“A lot of people seem to think that this [collecting boom] is happening out of thin air, but it really started from Art Basel Hong Kong,” he explains. “We’re a small country. We have 50 million people, but it's still one-fourth the size of California by land. So we are always eager to know what's outside of our country, and we always want to engage with the bigger communities like China or the US.”

Jason Haam started his gallery in Seoul five years ago and shows a mostly international roster of artists, such as Urs Fischer, Sarah Lucas and Daniel Sinsel. Photo: Jason Haam

The mention of Hong Kong is divisive in Seoul, which is keen not to be seen in competition with the Asian city-state. But the comparison is inevitable. For years, Art Basel Hong Kong was the major fair in Asia, run by Frieze’s rival. The fair has suffered, though, during both the pandemic and the civil unrest in the city-state, as China moves to bring the territory closer under its laws. Its event last May was still hybrid and many gallerists and collectors have ceased visiting.

Lee, Frieze’s director, bristles against the idea that Seoul’s rise comes at Hong Kong’s loss.

“Asia is a huge place and Seoul is vastly different from Hong Kong, so I don’t think it’s a case that if one benefits it’s to the detriment of the other,” he says. “There is scope for multiple cities to be destinations in their own right.”

However, for the moment, the demise of Art Basel Hong Kong has left a void that Frieze Seoul can productively fill.

Frieze Seoul itself is larger than the Los Angeles and New York outings. The galleries are spread across three sections of a main fair, including a Frieze Masters section for work from antiquity through to the 20th century, and a Focus Asia section for galleries younger than 12 years.

As is typical of Frieze, the works skew towards global art. While the Korean art scene has major international stars, both historical and contemporary, such as Lee Bul, Do Ho Suh and Lee Ufan, the artists in the fair are the cross-section of big names across the world, such as Gagosian’s group show including Albert Oehlen, Richard Serra, Ed Ruscha and Takashi Murakami.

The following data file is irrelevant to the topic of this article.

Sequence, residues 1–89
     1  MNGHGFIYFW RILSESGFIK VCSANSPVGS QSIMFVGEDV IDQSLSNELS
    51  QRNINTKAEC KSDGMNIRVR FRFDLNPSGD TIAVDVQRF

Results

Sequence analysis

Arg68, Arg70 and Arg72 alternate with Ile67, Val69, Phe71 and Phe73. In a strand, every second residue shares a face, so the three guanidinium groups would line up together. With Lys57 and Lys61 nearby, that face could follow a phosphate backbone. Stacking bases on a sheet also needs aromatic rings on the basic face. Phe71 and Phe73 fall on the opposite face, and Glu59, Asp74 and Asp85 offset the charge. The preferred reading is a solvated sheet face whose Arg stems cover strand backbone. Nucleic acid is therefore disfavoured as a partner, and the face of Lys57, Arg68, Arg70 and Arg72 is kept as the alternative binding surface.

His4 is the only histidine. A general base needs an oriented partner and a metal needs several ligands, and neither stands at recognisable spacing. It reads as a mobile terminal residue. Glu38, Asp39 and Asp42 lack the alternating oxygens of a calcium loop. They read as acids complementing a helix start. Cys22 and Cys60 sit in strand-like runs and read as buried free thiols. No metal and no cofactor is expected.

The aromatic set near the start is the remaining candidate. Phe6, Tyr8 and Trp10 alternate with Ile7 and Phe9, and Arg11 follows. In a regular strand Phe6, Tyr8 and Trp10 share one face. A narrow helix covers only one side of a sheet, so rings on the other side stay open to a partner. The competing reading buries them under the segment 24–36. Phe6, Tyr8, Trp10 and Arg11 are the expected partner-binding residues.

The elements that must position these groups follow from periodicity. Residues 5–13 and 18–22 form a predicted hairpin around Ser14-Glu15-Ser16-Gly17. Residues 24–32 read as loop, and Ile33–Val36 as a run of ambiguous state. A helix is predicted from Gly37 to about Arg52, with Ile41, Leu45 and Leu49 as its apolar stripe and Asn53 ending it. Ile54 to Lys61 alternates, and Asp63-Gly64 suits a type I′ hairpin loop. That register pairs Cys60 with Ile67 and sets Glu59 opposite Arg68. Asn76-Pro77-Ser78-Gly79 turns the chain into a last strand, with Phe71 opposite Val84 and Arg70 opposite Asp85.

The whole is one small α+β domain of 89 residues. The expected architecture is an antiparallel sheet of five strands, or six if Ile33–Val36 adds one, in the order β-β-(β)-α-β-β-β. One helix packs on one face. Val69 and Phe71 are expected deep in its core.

Mariane Ibrahim, from Chicago, is presenting younger artists such as Amoako Boafo, Yukimasa Ida and Peter Uka. And Stephen Friedman in London has a female-only presentation, with artists such as Mamma Andersson, Leilah Babirye and Hulda Guzman.

Museums and galleries across town are also hosting major shows and parties to welcome the influx of visitors. In a choice that reflects long-standing ties between South Korea and California, Emmanuel Perrotin's gallery is showing the San Francisco artist Barry McGee. Even local galleries skew more established: Haam’s gallery show is by Swiss mega-artist Urs Fischer.

Frieze Seoul is also being held in partnership with Kiaf, the Korean International Art Fair, which was established in 2002 — one ticket gains entry to both fairs, which have signed a five-year agreement together. Building on Frieze's ability to draw in a top tier of galleries and collectors internationally, Frieze Seoul is ultimately seeking to replicate its Frieze Week London on Korean soil.

“The wind is certainly blowing in this direction,” says Haam. “Artists are wanting to show and the appetite is there. The whole artwork will be there — journalists will be there, collectors will be there, institutions will be there. We’ll have access to a much bigger audience than we ever had before. Things that never happened here are now happening.”

Frieze Seoul runs from Friday to next Monday at Coex in the Gangnam district of the city, alongside Kiaf Seoul, operated by the Galleries Association of Korea

Updated: September 01, 2022, 10:16 AM